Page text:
Resolution on Pension and Retirement Medical
by James Marc Leas for the year 2005 IBM annual meeting
Stockholders ask the Board to adopt the following policy:
Age discrimination in retirement policies will be ended by allowing all employees,
regardless of age, to choose the promised pension and retirement medical insurance under
the terms in effect before IBM adopted changes in 1995 and 1999.
On July 31, 2003, a Federal District Court in Illinois ruled that the cash balance pension plan
IBM adopted in 1999 and an earlier plan IBM adopted in 1995 both violated federal retirement
law because they discriminated on the basis of age.
The Wall Street Journal reported the next day that “potentially, IBM could have to recalculate
benefits for 130,000 employees and retirees, paying most of them more.” However, the Journal
also reported that “the impact” of the decision “to IBM’s near-term operating cash flow would
be negligible, because [IBM] would pay the benefits from its well-funded pension plan. Indeed,
the company filings say an adverse ruling would be immaterial.”
Countering Bush Administration plans to overturn this federal court ruling, on September 9,
2003, Congress overwhelmingly passed an amendment introduced by Congressman Bernie
Sanders to prevent federal funds from being so used. Congress passed a similar resolution in
The changes IBM implemented in 1999 created an unprecedented groundswell of dissent among
IBM employees. Covered by national media, employee meetings around the country led to a
Senate hearing chaired by Senator James Jeffords, stockholder resolutions, union organizing, the
class action law suit that employees won, and then the vote in the US Congress.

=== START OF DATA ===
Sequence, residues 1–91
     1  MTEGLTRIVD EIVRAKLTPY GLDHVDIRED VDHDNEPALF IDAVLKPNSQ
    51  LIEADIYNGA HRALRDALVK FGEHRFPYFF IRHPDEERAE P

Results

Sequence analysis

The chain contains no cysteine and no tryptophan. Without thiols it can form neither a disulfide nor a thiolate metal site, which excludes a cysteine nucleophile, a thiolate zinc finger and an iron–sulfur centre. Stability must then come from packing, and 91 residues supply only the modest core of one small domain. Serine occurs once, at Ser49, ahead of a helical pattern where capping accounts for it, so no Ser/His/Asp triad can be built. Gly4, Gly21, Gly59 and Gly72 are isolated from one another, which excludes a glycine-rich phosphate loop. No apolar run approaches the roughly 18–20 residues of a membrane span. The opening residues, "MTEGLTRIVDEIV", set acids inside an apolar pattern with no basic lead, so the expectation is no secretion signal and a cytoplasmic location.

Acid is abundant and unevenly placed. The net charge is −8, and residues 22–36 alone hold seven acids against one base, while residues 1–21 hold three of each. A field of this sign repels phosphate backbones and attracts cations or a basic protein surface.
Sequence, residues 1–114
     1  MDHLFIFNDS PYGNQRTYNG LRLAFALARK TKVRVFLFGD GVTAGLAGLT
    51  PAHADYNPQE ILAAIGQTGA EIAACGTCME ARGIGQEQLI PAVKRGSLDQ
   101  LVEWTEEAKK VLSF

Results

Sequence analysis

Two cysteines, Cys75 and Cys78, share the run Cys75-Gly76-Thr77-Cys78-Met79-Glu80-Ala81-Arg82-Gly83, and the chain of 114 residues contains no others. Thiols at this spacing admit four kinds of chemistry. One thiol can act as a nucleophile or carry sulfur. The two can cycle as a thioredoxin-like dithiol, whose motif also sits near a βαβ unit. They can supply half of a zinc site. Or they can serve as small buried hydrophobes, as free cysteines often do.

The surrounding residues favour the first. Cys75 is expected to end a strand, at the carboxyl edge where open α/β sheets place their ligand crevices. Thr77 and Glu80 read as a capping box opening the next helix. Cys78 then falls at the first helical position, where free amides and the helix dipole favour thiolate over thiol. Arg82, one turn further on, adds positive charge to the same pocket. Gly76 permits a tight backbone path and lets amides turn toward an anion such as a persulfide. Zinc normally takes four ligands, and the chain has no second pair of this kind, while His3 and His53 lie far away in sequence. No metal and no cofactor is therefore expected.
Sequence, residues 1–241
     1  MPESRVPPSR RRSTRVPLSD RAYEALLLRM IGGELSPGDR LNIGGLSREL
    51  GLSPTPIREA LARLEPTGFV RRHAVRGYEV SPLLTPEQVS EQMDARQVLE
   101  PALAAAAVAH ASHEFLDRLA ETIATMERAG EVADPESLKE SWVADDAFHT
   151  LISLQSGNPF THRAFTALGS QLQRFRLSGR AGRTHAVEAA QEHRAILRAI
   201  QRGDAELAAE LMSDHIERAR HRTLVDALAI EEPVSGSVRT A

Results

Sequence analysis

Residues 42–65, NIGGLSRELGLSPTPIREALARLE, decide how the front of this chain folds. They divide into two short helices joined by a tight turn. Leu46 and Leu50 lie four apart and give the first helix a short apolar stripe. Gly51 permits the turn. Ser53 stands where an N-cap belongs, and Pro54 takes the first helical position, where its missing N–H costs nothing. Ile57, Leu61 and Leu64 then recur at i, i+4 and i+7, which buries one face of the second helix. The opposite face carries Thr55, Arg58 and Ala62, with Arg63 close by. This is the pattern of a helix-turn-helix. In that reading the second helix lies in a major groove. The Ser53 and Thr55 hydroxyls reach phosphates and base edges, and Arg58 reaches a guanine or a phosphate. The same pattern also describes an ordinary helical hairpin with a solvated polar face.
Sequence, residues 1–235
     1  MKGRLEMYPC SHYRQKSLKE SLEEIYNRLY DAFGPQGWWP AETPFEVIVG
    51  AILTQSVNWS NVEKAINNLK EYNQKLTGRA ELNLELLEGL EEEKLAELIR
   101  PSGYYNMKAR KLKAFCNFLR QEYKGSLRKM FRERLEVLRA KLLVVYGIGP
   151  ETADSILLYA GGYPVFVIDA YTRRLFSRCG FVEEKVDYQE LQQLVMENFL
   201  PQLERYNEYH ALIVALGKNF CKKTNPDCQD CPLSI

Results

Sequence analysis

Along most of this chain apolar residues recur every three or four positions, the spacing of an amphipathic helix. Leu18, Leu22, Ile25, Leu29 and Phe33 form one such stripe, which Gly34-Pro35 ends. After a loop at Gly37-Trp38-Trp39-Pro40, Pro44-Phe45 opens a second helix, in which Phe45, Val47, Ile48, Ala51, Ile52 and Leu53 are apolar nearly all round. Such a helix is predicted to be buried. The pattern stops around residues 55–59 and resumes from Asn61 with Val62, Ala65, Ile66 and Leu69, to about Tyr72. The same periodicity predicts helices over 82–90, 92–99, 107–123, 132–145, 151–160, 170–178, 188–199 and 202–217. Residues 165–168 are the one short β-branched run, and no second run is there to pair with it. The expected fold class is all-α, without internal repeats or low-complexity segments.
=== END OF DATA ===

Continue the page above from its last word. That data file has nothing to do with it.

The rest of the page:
Employees expressed outrage that IBM broke its promise that retirement pay and retirement
medical insurance would be a secure part of earned compensation.
The protest campaign led IBM to partially back down, allowing about 35,000 additional
employees to choose between the pension plans.
Confirming employee calculations, the court said that the cash balance plan would “cause
reductions in retirement pay of up to 47% for older workers.”
Having considered the fully developed arguments on both sides, the federal district court
declared that IBM’s “1999 cash balance formula violates the literal terms of the Employee
Retirement Income Security Act. IBM’s own age discrimination analysis illustrates the problem.”
From IBM’s own documents the court also concluded that “IBM proceeded with the cash balance
plan with open eyes and was fully informed of the consequences of the litigation that was sure to
IBM boosted the profit report as a result of its 1995 and 1999 changes--even though no money
was transferred into the company–based on an accounting rule treatment of the pension plan. The
court said, “astonishingly, plan income was over $1 billion in 2001, and this accounted for 13%
of IBM’s net income.” IBM executive pay is tied to the report of profit as elevated by the
pension income. In addition, the August 1, 2003 New York Times noted that some of the savings
to the pension plan “was to be used to create pensions for executives.” IBM enacted a separate
“top hat” pension plan for executives in 1998.